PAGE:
August 26, 2016

Tires, like most things on your car, eventually need to be replaced. Very often, when you go to get your alignment done, the auto shop will let you know if if you need a new set of tires. However, it’s good for you to know the status of your tires so that you aren’t buying four new tires unnecessarily. There are three things that can help you decide if you need new tires: tread wear, exposure to the elements, and the age of the tires. Here are some good ways to check your tires:

The Penny Method. Tried and true, using a penny to check the wear of your tire tread is a great way to go. Just take a penny, and dear, ol’ Lincoln’s head upside down, stick it between the tread block of the tire. If you can see the top of Lincoln’s head, the tire’s treads are shallow and worn and you should probably consider replacing the tires. If part his head is covered, the tires should probably be fine..

Tire Age. You should be replacing your tires around every 10 years. Of course, it depends on the model you drive, the type of tire you have, and where you’re driving.

Exposure to Elements. If your tires have been exposed to extreme amounts of heat or cold, there’s potential for problems. In most places, the weather is not extreme enough to cause damage, but it is a good thing to keep in mind.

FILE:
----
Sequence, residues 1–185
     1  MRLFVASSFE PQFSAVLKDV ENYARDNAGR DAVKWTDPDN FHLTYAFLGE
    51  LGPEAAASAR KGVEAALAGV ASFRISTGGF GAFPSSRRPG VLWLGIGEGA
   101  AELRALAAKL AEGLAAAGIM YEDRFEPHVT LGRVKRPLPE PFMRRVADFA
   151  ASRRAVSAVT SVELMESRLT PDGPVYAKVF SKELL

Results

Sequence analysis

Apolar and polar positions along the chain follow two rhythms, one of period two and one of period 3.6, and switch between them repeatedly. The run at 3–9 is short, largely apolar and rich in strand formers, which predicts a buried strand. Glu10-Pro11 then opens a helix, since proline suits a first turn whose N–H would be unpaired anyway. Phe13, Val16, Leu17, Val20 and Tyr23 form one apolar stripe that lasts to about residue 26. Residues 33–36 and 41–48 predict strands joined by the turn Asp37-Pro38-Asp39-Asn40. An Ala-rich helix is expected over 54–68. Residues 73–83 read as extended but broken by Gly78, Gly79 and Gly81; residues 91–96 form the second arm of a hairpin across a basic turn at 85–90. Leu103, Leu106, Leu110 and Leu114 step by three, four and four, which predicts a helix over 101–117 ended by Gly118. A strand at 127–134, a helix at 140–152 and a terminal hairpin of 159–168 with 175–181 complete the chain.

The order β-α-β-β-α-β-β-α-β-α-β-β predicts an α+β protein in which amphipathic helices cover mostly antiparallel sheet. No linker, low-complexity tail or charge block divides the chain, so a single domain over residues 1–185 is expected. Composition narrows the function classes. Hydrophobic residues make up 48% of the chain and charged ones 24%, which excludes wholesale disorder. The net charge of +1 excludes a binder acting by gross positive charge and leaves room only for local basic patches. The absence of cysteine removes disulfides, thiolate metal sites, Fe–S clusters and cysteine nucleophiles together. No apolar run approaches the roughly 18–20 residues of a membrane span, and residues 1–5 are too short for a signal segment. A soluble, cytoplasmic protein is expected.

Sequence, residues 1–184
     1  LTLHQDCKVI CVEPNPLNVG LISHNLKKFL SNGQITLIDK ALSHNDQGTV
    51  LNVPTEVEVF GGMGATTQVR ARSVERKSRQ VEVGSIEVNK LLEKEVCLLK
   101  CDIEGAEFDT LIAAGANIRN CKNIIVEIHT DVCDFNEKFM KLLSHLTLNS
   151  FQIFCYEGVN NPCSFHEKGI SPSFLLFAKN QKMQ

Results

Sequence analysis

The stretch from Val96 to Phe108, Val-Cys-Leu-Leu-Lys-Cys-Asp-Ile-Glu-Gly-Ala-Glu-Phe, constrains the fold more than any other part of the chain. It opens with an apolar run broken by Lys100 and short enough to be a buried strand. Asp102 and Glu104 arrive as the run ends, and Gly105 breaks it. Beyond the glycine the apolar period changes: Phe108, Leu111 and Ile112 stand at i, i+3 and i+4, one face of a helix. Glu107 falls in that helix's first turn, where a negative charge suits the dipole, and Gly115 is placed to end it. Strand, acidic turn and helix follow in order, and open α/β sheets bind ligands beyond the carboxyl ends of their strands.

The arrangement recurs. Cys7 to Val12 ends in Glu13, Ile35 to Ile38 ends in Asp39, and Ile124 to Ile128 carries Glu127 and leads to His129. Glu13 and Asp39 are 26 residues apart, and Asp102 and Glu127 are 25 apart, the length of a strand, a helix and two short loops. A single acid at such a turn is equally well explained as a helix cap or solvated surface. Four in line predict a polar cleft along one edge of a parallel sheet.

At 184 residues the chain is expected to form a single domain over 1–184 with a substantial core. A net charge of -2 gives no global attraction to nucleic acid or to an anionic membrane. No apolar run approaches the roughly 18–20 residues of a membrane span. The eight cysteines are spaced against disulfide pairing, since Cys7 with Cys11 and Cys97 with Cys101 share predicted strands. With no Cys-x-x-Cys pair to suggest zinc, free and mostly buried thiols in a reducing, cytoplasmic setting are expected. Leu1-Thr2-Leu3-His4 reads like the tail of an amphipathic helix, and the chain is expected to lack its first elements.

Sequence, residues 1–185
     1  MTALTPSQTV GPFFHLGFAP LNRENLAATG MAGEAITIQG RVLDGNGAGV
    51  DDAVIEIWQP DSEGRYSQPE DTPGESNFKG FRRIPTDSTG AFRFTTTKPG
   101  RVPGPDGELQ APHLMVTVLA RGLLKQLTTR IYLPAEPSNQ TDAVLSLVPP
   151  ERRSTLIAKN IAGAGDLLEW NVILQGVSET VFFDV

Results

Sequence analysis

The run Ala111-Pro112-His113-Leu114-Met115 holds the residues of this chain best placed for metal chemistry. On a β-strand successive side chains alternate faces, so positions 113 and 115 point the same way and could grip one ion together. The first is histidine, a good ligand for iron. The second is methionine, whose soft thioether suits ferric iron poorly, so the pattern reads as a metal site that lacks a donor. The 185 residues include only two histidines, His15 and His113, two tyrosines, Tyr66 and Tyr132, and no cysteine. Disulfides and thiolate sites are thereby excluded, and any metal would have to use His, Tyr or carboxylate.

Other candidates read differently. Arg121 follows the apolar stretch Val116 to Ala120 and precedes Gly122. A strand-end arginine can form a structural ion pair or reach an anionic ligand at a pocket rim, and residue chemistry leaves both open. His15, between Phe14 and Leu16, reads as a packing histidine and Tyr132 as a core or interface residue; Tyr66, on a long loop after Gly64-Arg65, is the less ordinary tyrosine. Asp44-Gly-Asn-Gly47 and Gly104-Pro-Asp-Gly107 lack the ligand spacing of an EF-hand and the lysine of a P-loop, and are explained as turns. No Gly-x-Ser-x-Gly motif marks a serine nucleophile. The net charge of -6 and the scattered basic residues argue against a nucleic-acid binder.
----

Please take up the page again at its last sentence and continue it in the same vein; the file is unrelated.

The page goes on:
Check Your Tire Pressure. If you’re wondering if it’s time for new tires, check your tire pressure once a week for a couple of weeks. Tires deflate at a rate of about one pound per square inch per month. If you are losing an excessive amount of air, your tire either needs to be fixed or replaced.

Do a Visual Check Up. Whenever you are checking your tire pressure, take a moment and do a visual check up. Look for cracks in the sidewall, a sign your tires could be close to a blowout, as well as for bulges and blisters.

Keep a record of when you get your tires replaced and any time you have them repaired. Make sure you check your tires a couple times a year at the very least to make sure they are still safe to use!

Should You Lease A Car?

August 17, 2016